2.3 The Lorentz Transformation 19

2.4 Historical Note about the Confusion Surrounding the Meaning of Time 22

2.5 Exercises 23

3 Energy 27

3.1 Energy Density Field A 27

3.2 Directional Derivative of A 28

3.3 Gradient Vector S 29

3.4 Energy Density Field Vector A 30

3.5 Exercises 31

4 Change 33

4.1 Component Gradient Vector Gi 33

4.2 Curvature Vector k 34

4.3 The Electrical and Mechanical Parts of dA/ds 35

4.4 3D Space 36

4.5 Summary 38

4.6 Exercises 38

5 Governing Equations 41

5.1 2D Field Lines 42

5.1.1 Comment on Bifurcations 43

5.1.2 The Differential Form 44

5.2 3D Field Lines 45

5.3 4D Field Lines 46

5.4 The Field Lines of Gi 47

5.5 Uniqueness 49

5.6 Exercises 51

6 Waves 53

6.1 Wave Superposition 53

6.2 Rectangular Waves 54

6.3 Spherical Waves 55

6.4 Initial Value Problem 56

6.4.1 Stiffness 57

6.4.2 Damping 59

7 Particles 61

7.1 The Stationary Field Particle 61

7.2 The Moving Field Particle 63

7.3 The Flux of a Field Particle 63

7.4 A Particle Exciting Another Field 65

7.5 Particle Motion at Nonrelativistic Speeds 67

7.6 Exercises 68

8 Electrodynamics 71

8.1 Maxwell’s Equations in Differential Form 71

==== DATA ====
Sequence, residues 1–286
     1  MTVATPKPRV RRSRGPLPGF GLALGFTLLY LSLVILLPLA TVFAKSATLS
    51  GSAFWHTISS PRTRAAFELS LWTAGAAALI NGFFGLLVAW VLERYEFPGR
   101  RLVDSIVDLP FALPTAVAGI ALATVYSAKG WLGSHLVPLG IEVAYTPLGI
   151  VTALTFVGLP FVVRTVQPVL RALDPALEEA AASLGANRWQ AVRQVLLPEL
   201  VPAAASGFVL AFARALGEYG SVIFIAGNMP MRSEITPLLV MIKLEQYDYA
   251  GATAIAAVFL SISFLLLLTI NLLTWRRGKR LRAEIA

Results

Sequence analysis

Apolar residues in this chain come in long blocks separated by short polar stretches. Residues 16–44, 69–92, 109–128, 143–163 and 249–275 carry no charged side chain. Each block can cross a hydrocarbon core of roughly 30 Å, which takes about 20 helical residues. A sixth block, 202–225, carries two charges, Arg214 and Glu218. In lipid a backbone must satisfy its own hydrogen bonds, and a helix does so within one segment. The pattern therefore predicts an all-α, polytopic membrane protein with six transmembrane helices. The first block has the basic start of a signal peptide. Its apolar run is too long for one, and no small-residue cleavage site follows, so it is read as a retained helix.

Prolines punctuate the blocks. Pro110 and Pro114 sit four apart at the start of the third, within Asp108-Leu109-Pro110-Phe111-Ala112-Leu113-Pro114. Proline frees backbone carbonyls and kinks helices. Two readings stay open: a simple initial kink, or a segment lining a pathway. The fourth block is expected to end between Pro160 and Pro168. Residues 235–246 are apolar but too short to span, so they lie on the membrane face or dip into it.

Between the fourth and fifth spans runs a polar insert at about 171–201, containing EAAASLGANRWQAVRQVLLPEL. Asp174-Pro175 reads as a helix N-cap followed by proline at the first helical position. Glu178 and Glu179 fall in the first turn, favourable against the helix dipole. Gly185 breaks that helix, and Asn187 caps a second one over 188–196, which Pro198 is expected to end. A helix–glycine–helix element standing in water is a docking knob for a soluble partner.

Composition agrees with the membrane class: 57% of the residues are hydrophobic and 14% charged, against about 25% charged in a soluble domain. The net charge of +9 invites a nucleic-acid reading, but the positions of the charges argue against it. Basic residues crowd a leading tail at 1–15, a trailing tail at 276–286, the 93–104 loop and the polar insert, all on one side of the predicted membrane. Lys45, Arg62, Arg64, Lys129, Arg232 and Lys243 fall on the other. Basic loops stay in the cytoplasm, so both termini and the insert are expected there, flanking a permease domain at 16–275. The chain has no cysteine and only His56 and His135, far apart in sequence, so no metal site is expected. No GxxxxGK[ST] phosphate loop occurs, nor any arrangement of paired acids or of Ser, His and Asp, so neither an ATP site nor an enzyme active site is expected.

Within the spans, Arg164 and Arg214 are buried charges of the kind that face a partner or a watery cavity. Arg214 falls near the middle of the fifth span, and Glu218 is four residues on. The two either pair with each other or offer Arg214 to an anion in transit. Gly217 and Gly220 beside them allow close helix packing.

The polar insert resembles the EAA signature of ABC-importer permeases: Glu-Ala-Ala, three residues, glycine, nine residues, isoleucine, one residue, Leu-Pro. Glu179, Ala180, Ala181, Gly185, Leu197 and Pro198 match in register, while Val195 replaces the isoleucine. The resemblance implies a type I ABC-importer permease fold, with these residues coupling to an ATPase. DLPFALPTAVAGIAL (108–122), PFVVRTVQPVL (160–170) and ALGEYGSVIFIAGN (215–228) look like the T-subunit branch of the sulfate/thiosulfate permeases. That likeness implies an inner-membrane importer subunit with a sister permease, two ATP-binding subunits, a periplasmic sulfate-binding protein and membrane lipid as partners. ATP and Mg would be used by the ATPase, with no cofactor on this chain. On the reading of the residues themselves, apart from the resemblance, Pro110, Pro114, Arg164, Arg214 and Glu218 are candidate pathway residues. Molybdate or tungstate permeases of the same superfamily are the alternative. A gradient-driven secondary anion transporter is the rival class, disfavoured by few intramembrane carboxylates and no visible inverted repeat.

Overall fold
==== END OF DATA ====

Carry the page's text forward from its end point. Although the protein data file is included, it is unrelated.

8.2 Maxwell’s Equations in Integral Form 74

8.3 Polarization 78

8.3.1 3D Polarization 80

8.4 The Lorentz Force 80

8.5 Exercises 81

9 Mechanics 83

9.1 Noncoincident Observation 83

9.2 Particle Interaction 85

9.3 Newton’s Second Law 87

9.4 Note About the Effect of Charge 88

9.5 Inverse Square Laws 89

9.5.1 Purely Electrical Behavior 89

9.5.2 Purely Mechanical Behavior 90

9.6 Relativistic Mass 91

10 Essay: An Evolving Science 93

10.1 The Past 93

10.1.1 Early Period 93

10.1.2 Force 94

10.1.3 Energy 96

10.2 The Present 96

10.2.1 The Starting Point 97

10.2.2 Four-dimensional Space 97

10.2.3 Energy in 4D Space is a Continuum 98

10.2.4 The Particle is Itself an Idealized Field 99

10.2.5 Mechanics and Electrodynamics are Parts of How Energy Changes 99

10.3 The Future 100

10.3.1 Scientific Impact 100

10.3.2 Human Impact 102

10.4 Closing Message about Scales of Observation 104

Appendix A: Integral Theorems 107

A.1 Longitudinal Integral Theorems 107

A.1.1 Circulation 107

A.1.2 Curl 109

A.1.3 Coil 111

A.2 Transverse Integral Theorems 112

A.2.1 Flux and Divergence 112

A.2.2 Strength and Dilatation 113

Appendix B: Curvilinear Coordinates 117

B.1 Principles 117

B.2 Integral Theorems 119

B.2.1 Circulation and Curl 119

B.2.2 Coil 119

B.2.3 Flux and Divergence 120

B.2.4 Strength and Dilatation 121

B.3 Continuity Equations 122

B.4 Circular Coordinates 123

B.4.1 Polar Coordinates 123

B.4.2 Cylindrical Coordinates 123

B.4.3 Spherical Coordinates 124

B.4.4 Hyperpolar Coordinates 125

B.4.5 Hypercylindrical Coordinates 125

B.4.6 Hyperspherical Coordinates 126

B.5 Exercises 127

Solutions to Exercises 135

References 177

Index 179

Read More

Customer Reviews

Average Review:

Write a Review

and post it to your social network

     

Most Helpful Customer Reviews

See all customer reviews >